Imperial LeBaron – 1960

This was an expensive, luxurious oddity. Chrysler had turned its Imperial models into a separate marque in 1955, to compete with Ford’s up-market Lincoln brand, so these grand cars were aimed at the pricey end of the market. In 1960 the creme de la creme was the range-topping four-door Imperial LeBaron.

This mighty machine sported four headlights, acres of chrome, flying wing trim and a lengthy rear end with sloping trunk lid (complete with raised spare wheel housing). The sci-fi ensemble was completed by soaring fins with gunsight tail lights and wide expanses of curved glass front and back.

Was there ever a more extraordinary monument to excessive American car design? Unlikely. A pillared saloon offered in 1960 was soon axed, leaving a choice of one — the sumptuous Southampton hardtop sedan. This ornate masterpiece had a pampered interior featuring impressive touches like (optional) leather upholstery in contrasting colours and a bright dashboard laden with buttons, complemented by an odd squarish steering wheel facing a generously padded high-backed driver’s seat.

But time was running out for the flamboyant LeBaron’s creator, design boss Virgil Exner. Chrysler was after a new look and poached Ford style guru Elwood Engel. Exner departed in 1963 and Imperials underwent major work for 1964. Out went flash fins and 1950s frippery and in came straight-line styling that produced rectilinear cars not unlike the latest Lincoln, which had evolved from the Engel-designed Continental of 1961.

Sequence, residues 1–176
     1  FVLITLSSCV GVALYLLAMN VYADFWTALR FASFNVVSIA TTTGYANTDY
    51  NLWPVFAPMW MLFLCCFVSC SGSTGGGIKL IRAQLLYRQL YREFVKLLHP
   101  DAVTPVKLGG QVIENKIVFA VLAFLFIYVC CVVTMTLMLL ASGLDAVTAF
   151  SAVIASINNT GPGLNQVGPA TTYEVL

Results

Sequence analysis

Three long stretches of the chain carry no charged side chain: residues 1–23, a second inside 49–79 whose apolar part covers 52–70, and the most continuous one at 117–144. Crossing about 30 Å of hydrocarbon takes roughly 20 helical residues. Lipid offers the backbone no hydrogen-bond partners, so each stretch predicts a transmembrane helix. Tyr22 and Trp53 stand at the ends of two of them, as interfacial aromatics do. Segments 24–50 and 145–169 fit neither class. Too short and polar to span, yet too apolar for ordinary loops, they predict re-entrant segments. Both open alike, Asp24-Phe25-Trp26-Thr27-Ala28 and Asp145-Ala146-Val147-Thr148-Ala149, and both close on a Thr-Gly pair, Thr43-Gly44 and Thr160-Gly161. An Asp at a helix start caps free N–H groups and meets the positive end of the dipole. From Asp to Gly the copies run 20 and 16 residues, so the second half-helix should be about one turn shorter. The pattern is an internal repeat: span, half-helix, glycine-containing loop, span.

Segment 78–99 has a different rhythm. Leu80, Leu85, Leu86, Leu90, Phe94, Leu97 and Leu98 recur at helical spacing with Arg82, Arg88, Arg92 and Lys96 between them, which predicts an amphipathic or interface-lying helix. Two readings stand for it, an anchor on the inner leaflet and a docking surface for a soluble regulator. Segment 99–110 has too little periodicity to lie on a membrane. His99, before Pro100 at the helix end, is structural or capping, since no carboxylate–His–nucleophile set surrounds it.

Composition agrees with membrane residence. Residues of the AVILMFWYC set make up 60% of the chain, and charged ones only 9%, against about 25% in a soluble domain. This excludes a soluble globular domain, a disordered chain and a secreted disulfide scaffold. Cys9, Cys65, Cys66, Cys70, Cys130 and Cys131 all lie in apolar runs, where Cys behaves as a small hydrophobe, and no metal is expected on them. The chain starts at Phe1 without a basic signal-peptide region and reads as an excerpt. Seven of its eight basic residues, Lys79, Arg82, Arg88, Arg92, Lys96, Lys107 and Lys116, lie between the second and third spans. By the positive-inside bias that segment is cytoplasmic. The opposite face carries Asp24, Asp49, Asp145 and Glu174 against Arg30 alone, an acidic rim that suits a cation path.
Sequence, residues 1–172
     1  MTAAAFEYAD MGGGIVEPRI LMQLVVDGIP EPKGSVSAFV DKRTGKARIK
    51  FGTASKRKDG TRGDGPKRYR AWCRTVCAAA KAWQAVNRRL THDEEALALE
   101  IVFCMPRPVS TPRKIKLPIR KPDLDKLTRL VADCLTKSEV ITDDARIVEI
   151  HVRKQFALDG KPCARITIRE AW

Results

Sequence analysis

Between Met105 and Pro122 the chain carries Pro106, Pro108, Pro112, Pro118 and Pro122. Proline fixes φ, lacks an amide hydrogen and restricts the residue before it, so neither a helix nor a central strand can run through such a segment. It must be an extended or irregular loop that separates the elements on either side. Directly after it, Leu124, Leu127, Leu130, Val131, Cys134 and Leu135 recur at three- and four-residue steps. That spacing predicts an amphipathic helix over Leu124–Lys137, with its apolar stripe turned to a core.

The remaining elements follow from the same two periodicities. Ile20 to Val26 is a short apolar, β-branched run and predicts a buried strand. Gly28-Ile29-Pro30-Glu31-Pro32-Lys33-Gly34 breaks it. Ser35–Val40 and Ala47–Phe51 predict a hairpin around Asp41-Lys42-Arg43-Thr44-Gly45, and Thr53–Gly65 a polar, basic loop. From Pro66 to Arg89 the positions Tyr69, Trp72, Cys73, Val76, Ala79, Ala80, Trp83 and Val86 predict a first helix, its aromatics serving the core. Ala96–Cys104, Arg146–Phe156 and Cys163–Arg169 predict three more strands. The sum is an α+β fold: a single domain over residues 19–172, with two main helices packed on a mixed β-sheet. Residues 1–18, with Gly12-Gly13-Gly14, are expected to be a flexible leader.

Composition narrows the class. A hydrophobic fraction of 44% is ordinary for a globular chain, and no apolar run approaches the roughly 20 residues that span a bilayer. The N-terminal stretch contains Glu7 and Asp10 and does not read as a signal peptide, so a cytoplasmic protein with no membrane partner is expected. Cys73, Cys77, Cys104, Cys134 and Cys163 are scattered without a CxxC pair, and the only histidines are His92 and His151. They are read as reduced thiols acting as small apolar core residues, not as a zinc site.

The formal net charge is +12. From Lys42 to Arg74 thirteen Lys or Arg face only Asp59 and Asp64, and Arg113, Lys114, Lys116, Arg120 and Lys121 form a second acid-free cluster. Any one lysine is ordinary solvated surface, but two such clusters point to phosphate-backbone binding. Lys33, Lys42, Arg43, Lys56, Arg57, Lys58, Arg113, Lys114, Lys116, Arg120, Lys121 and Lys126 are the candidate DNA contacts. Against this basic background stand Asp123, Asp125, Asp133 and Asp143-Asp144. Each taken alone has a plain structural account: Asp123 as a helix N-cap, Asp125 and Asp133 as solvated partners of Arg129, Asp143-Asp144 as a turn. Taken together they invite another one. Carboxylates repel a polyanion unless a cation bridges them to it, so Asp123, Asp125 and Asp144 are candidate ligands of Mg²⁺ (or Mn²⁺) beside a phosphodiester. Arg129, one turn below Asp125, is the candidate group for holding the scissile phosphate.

Only some 5,000 of the 1960-63 Imperial LeBarons were produced, which makes them rare survivors — now cherished by those who like to preserve and drive the emblematic giants that characterize America’s mid-20th century love affair with big, in-your-face luxury cars. The two-door Imperial Crown hardtop looks similar but is less desirable, but those who prefer open-top motoring love the brash Crown convertible.




1960 (until 1963)


6.8 l (413 cid) V8


Top speed of 102 mph (km/h); 0-60 mph (97 km/h) in 12 secs


Imperials were unsportingly banned from that popular American autofest, the demolition derby – they retained a substantial chassis after others had gone over to monocoque construction and drivers equipped with lesser makes simply bounced off them.


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